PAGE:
©The Author(s) 2020. Published by Baishideng Publishing Group Inc. All rights reserved.
Updated bone mineral density status in Saudi patients with inflammatory bowel disease
Mohammed Ewid, Internal Medicine Department, College of Medicine, Sulaiman Al Rajhi University, Bukairyah 51941, Al-Qassim, Saudi Arabia
Mohammed Ewid, Internal Medicine Department, Faculty of Medicine, Cairo University, Cairo 11562, Egypt
Nawaf Al Mutiri, Khalid Al Omar, Amal N Shamsan, Awais A Rathore, Gastroenterology Department, King Fahad Specialist Hospital, Buraidah 52366, Al-Qassim, Saudi Arabia
Nazmus Saquib, Epidemiology Department, College of Medicine, Sulaiman Al Rajhi University, Bukairyah 51941, Al-Qassim, Saudi Arabia
Anas Salaas, Omar Al Sarraj, Yaman Nasri, Ahmed Attal, Abdulrahman Tawfiq, Medical students, College of Medicine, Sulaiman Al Rajhi University, Bukairyah 51941, Al-Qassim, Saudi Arabia
Hossam Sherif, Critical Care Medicine Department, College of Medicine, Sulaiman Al Rajhi University, Bukairyah 51941, Al-Qassim, Saudi Arabia
Hossam Sherif, Critical Care Medicine Department, Faculty of Medicine, Cairo University, Cairo 11562, Egypt
Author contributions: Ewid M, Al Mutiri N, Saquib N, and Sherif H conceived of the idea, developed the theory; Ewid M was the principle investigator; all author contributed towards methodology and towards the writing of the paper, and have read and approved the final manuscript.
Supported by Sulaiman Al Rajhi University, Saudi Arabia, from the Annual Budget of their Research Unit.
Institutional review board statement: The study received ethical approval from the Regional Research Ethics Committee-Qassim province, Ministry of Health, Saudi Arabia (approval number 20180102).
Informed consent statement: All study participants provided informed written consent prior to study enrollment.
Conflict-of-interest statement: The authors declare no conflicts of interest.
Data sharing statement: The datasets used and/or analyzed during the current study are available from the corresponding author upon reasonable request.
STROBE statement: The authors have read the STROBE Statement—checklist of items, and the manuscript was prepared and revised according to the STROBE Statement.
Open-Access: This article is an open-access article that was selected by an in-house editor and fully peer-reviewed by external reviewers. It is distributed in accordance with the Creative Commons Attribution NonCommercial (CC BY-NC 4.0) license, which permits others to distribute, remix, adapt, build upon this work non-commercially, and license their derivative works on different terms, provided the original work is properly cited and the use is non-commercial. See: http://creativecommons.org/licenses/by-nc/4.0/
Corresponding author: Mohammed Ewid, MD, Assistant Professor, Internal Medicine Department, College of Medicine, Sulaiman Al Rajhi University, PO Box 777, Bukairyah 51941, Al-Qassim, Saudi Arabia. email@example.com
Received: May 8, 2020
Peer-review started: May 8, 2020
First decision: June 8, 2020
Revised: June 15, 2020
Accepted: August 22, 2020
Article in press: August 22, 2020
Published online: September 21, 2020
Little is known about inflammatory bowel disease (IBD) burden and its impact on bone mineral density (BMD) among adult patients in Saudi Arabia. To the best of our knowledge, our study is the only study to give an update about this health problem in adult Saudi patients with IBD. IBD is a great risk factor for reduced BMD due to its associated chronic inflammation, malabsorption, weight loss and medication side effects. Consequently, screening for reduced BMD among patients with IBD is of utmost importance to curb and control anticipated morbidity and mortality among those patients.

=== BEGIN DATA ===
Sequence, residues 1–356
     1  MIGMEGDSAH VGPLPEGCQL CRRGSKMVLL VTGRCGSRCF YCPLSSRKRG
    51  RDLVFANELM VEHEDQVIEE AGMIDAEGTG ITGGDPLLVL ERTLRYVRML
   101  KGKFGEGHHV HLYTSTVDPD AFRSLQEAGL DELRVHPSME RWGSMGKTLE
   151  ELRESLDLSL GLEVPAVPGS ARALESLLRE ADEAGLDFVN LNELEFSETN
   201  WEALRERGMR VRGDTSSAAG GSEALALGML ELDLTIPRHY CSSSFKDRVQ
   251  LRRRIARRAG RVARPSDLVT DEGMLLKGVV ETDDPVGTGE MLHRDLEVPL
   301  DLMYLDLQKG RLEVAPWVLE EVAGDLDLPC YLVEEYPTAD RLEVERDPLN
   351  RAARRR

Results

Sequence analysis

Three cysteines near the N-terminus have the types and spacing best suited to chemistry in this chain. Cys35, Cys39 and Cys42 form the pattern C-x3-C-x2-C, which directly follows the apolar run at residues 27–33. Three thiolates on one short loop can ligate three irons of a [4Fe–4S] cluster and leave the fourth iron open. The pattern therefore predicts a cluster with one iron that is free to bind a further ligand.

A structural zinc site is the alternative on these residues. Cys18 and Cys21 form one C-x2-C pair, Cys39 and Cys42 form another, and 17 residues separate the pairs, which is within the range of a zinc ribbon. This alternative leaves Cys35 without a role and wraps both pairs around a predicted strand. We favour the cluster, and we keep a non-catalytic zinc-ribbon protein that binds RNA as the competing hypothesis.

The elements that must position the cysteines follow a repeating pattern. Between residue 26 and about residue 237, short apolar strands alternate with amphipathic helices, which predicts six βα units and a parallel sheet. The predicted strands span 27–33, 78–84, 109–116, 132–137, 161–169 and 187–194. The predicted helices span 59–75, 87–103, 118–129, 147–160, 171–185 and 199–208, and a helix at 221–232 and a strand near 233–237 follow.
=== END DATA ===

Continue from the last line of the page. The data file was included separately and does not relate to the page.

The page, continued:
To assess the relationship between IBD and BMD in a sample of adult Saudi patients with IBD.
Ninety adult patients with IBD - 62 Crohn’s disease (CD) and 28 ulcerative colitis (UC) - were recruited from King Fahad Specialist Hospital gastroenterology clinics in Buraidah, Al-Qassim. All enrolled patients were interviewed for their demographic information and for IBD- and BMD-related clinical data. All patients had the necessary laboratory markers and dual-energy x-ray absorptiometry scans to evaluate their BMD status. Patients were divided into two groups (CD and UC) to explore their clinical characteristics and possible risk factors for reduced BMD.
The CD group was significantly more prone to osteopenia and osteoporosis compared to the UC group; 44% of the CD patients had normal BMD, 19% had osteopenia, and 37% had osteoporosis, while 78% of the UC patients had normal BMD, 7% had osteopenia, and 25% had osteoporosis (P value < 0.05). In the CD group, the lowest t-score showed a statistically significant correlation with body mass index (BMI) (r = 0.45, P < 0.001), lumbar z-score (r = 0.77, P < 0.05) and femur z-score (r = 0.85, P < 0.05). In the UC group, the lowest t-score showed only statistically significant correlation with the lumbar z-score (r = 0.82, P < 0.05) and femur z-score (r = 0.80, P < 0.05). The ROC-curve showed that low BMI could predict the lowest t-score in the CD group with the best cut-off value at ≤ 23.43 (m/kg2); area under the curve was 0.73 (95%CI: 0.59–0.84), with a sensitivity of 77%, and a specificity of 63%.
Saudi patients with IBD still have an increased risk of reduced BMD, more in CD patients. Low BMI is a significant risk factor for reduced BMD in CD patients.
Core Tip: Saudi patients with inflammatory bowel disease still have a high prevalence of reduced bone mineral density. Osteopenia and osteoporosis burdens were 19% and 37% in Crohn’s disease (CD) patients, and 7% and 25% in ulcerative colitis patients, respectively. Low body mass index is a significant risk factor for reduced bone mineral density in CD patients.